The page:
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For King and Country - British Airborne Uniforms, Insignia & Equipment in World War II

Peter Brown

For King and Country - British Airborne Uniforms, Insignia & Equipment in World War II by Harlan Glenn  Published by Schiffer Military History, Altglen PA USA. Hardback, 192 large format pages, fully illustrated with colour and black and white photos. ISBN 0-7643-0794-0 Price USA $59.95, UK 45 Web site www.schifferbook.com

This book's author collects WW2 British and Commonwealth militaria, finding a gap in the literature of the subject he has produced this study to fill it. The result a very detailed study of all the equipment of the airborne soldier, both paratroopers and gliderborne, of the period. It shows all the types of clothing worn in action, not only the well-known camouflaged Denison smock, helmet, red - actually maroon - beret and other specialist items, but also basic web equipment, packs and personal items such as underwear and the soldier's knife, fork and spoon and darning kit. His weapons, pistols, rifles, sub and light machine guns are also shown. These include the Lee-Enfield rifle, Bren and Sten guns used by all British units, with a bonus of the rare Patchett SMG and the special bandolier used to carry Sten gun magazines. Heavier items like the Vickers heavy machine gun, 2" and 3" mortars and even light artillery are covered though in less detail.

Airborne units may have been basically footsoldiers, but they did use some light vehicles which were parachuted or carried into action by glider. These include jeeps which were specially modified for air transport and trailers for them, lightweight motorcycles, folding bicycles and equipment trolleys. Much attention has been paid to describing the different patterns of clothing used, which will help identify early and late types of smock, helmets and equipment. This is of great value to collectors and re-enactors, but will also allow serious students of the period and modellers to know what goes with what, especially what combinations are unlikely and what are basically impossible.

While British units are the main ones covered, a long chapter is devoted to the Polish formations which fought alongside them. In the past, these have often been neglected. While they generally used similar equipment to their British counterparts they did have items specific items of clothing and combinations of weapons specific to themselves. Other attached troops such as Commandos who fought with the airborne at various times are also shown. Commonwealth forces, such as Canadian and Indian units, are not included, and neither are other British airborne forces such as the SAS. This wide range of subjects are illustrated using some 600 photographs. By far the majority are colour photos showing items of clothing and equipment shown both on their own with close-ups of specific features to show changes in design, as well as being worn as they would have been at the time. Several sequences show typical actions recreated, such as a Bren gun group advancing and a paratrooper releasing himself from his parachute and preparing for action. Captions provide a lot of information and point out cases where items shown have been altered post-war or are not totally in keeping with the subject depicted when original ones are not available. Some period black and white photos are used as well, which show some of these unusual subjects.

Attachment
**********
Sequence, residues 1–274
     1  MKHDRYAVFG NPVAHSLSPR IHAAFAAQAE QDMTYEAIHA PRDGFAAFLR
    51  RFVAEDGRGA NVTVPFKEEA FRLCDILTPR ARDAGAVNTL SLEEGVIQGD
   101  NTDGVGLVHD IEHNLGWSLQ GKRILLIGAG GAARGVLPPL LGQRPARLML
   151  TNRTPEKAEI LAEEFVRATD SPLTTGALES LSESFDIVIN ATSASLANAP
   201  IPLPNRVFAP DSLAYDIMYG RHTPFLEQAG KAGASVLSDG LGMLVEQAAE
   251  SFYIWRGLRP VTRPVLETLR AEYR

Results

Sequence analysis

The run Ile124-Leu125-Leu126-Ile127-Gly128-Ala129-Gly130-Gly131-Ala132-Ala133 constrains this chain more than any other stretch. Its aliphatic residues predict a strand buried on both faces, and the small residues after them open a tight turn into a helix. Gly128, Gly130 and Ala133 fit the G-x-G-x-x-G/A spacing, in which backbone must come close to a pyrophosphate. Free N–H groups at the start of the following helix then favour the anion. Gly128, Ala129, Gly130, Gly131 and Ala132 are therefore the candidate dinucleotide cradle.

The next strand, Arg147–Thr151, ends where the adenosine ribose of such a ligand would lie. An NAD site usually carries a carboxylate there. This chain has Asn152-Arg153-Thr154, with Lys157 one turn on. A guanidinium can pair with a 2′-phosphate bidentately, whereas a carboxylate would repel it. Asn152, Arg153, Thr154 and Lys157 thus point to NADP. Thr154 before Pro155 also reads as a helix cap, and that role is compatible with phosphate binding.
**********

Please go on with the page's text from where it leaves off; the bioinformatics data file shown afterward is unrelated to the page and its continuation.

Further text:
Cap badges and cloth insignia are given their own section, and photos of the various types which would be used by each unit show them grouped together. This will be very helpful for anyone wanting to recreate a specific uniform or model an individual unit as they will not need to refer to several pages all at once. Variations in insignia are also shown, such as metal and plastic badges and different styles of cloth badges in woven and printed forms, with these shown from both sides in some cases. While the photographs and captions form the main part of the book, the accompanying text gives details of unit organisation and background on the equipment shown. Actions fought are not covered although there are a number of original accounts of what it was like to be an airborne soldier at this time. All together, this study brings a huge amount of information into one volume and should be welcomed by serious students of British WW2 airborne soldiers, collectors, re-enactors and modellers.

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